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42 Cards in this Set

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  • Back
Acute pain
pain that lasts only through the expected recovery period (less than six months), whether it has a sudden or slow onset and regardless of the intensity
Agonist analgesic
full agonists which are pure opioid drugs that bind tightly to mu receptor sites, producing maximum pain inhibition, an agonist effect
surgical severing which obliterates pain and temperature sensation below the level of the spinothalamic portion of the anterolateral tract severed, and is usually done for pain in the legs and trunk
Adjuvant analgesic
medication that may enhance the effects of other analgesics or have its own analgesic properties
Agonist-antagonist analgesic
mixed agonists-antagonists drugs that can act like opioids and relieve pain (agonist effect) when given to a client who has not taken any pure opioids
Chronic pain
prolonged pain, usually recurring or lasting 3 months or longer, and interferes with functioning
Cutaneous pain
pain that originates in the skin or subcutaneous tissue
Deep somatic pain
pain that arises from ligaments, tendons, bones, blood vessels, and nerves
equal analgesia, is used when referring to the doses of various opioid analgesics that provide approximately the same pain relief
Fifth vital sign
pain assessment
extreme sensitivity to pain
Intractable pain
pain that is resistant to cure or relief
surgery in which peripheral or cranial nerves are interrupted to alleviate localized pain
Neuropathic pain
the result of a disturbance of the peripheral or central nervous system that results in pain that may or may not be associated with an ongoing tissue-damaging process
the physiologic processes related to pain perception
a pain receptor
Nonsteroidal anti-inflammatory drugs (NSAID)
drugs that relieve pain by acting on the peripheral nerve endings to inhibit the formation of the prostaglandins that tend to sensitize nerve to painful stimuli; have analgesic, anti-pyretic, and anti-inflammatory effect; include aspirin and ibuprofen
whatever the experiencing person says it is, existing whenever he (or she) says it does
Pain reaction
the autonomic nervous system and behavioral responses to pain
Pain sensation
can be considered the same as pain threshold
Pain threshold
the amount of pain stimulation a requires before feeling pain
Pain tolerance
the maximum amount and duration of pain that an individual is willing to endure
Patient-controlled analgesia (PCA)
a pain management technique that allows the client to take an active role in managing pain
Phantom pain
pain that remains after the perceived location has been removed, such as pain perceived in a foot after the leg has been amputated
any form of treatment (e.g., medication) that produces an effect in the client because of its intent rather than its chemical or physical properties
Preemptive analgesia
the administration of analgesics prior to an invasive or operative procedure in order to treat pain before it occurs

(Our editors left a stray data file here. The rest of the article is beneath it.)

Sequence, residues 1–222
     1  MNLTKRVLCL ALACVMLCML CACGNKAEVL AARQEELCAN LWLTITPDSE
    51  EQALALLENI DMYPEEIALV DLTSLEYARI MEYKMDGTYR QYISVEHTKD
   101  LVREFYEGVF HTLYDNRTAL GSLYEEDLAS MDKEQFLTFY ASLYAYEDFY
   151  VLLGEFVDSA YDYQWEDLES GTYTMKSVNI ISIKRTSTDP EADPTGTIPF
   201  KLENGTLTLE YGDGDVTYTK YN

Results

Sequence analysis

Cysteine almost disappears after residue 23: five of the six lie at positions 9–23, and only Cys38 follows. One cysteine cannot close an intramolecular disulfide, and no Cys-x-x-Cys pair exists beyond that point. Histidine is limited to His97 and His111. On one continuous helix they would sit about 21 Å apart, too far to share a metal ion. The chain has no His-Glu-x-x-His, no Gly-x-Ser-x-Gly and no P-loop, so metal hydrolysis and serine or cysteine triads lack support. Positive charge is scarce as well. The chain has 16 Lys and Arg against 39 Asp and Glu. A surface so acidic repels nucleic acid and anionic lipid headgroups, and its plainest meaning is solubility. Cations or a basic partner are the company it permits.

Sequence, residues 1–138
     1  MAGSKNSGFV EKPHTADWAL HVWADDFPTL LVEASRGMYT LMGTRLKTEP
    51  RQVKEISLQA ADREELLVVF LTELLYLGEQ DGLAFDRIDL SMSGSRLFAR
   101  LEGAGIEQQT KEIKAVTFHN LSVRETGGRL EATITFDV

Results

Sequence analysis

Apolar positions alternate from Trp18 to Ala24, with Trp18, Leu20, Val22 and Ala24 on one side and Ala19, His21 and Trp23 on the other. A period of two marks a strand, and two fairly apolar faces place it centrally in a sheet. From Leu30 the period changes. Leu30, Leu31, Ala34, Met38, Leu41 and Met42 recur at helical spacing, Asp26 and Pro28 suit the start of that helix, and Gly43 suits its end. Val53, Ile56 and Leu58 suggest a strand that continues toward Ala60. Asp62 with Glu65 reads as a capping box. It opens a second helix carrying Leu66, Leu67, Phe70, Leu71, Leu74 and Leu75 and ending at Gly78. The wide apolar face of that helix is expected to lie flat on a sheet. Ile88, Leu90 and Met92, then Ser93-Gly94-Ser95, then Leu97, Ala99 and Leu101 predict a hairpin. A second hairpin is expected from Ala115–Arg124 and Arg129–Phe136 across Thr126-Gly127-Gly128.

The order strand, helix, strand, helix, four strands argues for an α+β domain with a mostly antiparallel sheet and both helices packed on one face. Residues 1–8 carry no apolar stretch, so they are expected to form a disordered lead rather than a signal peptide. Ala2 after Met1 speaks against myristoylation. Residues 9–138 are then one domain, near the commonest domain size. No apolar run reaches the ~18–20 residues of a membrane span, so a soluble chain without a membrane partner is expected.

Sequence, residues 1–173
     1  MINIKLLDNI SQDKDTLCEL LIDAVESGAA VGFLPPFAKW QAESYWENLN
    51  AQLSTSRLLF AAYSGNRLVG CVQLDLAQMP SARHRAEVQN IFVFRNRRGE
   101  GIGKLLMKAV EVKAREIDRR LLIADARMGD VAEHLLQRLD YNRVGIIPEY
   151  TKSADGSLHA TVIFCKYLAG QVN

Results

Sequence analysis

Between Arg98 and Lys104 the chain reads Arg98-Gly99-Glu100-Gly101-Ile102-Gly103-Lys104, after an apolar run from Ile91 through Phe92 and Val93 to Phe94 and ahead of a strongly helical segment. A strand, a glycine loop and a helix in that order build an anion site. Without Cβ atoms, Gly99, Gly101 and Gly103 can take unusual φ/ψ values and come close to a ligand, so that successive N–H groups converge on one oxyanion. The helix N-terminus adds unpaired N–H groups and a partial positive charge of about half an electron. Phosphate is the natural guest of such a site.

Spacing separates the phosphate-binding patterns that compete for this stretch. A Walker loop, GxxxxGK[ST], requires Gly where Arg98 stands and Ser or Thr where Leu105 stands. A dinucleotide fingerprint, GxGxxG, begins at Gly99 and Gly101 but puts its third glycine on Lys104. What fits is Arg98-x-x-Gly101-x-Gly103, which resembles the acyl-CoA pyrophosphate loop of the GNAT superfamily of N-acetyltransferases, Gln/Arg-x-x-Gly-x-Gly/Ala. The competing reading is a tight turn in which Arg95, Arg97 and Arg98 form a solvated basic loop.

Radiating pain
pain perceived at the source and in surrounding or nearby tissues
Referred pain
pain perceived to be in one area but whose source is another area
interruption of the anterior or posterior nerve root between the ganglion and the cord; generally performed on cervical nerve roots to alleviate pain of the head and neck
Spinal cord stimulation (SCS)
involves the insertion of a cable that allows the placement of an electrode directly on the spinal cord and is used with nonmalignant pain that has not been controlled with less invasive therapies
severence of the pathways of the sympathetic division of the autonomic nervous system; eliminates vasospasm, improves peripheral blood supply, and is effective in treating painful vascular disorders
Transcutaneous electrical nerve stimulation (TENS)
noninvasive, nonanalgesic pain control technique that allows the client to assist in the management of acute and chronic pain
Visceral pain
results from stimulation of pain receptors in the abdominal cavity, cranium, and thora
cancer pain
pain associated with cancers; can be related or unrelated to the diseases or its treatments
somatic pain
originates in the skin, muscle, bone, or connective tissue
peripheral neurophatic pain
follows damage or sensitization of peripheral nerves (phantom limb, postherpetic neuralgia, carpal tunnel syndrome)
central neuropathic pain
results from malfunctioning nerves in the CNS
symphatetically maintained pain
occurs occaionally when abnormal connections between pain fibers and the sympathetic nervous system perpetuate problems with both the pain and sympathetically controlled functions (edema, temperature, and blood flow regulation)
heightened response to a painful stimulus, hyperalgesia
an unpleasant abnormal sensation that mimics the pathology of central neuropathic pain disorder, such as pain that follows a stroke or spinal cord injury
condition that results from under treatment of pain where the client may become so focused on obtaining medication for pain relief that they become angry and demanding, "on - clock"
med that is not classified as a pain medication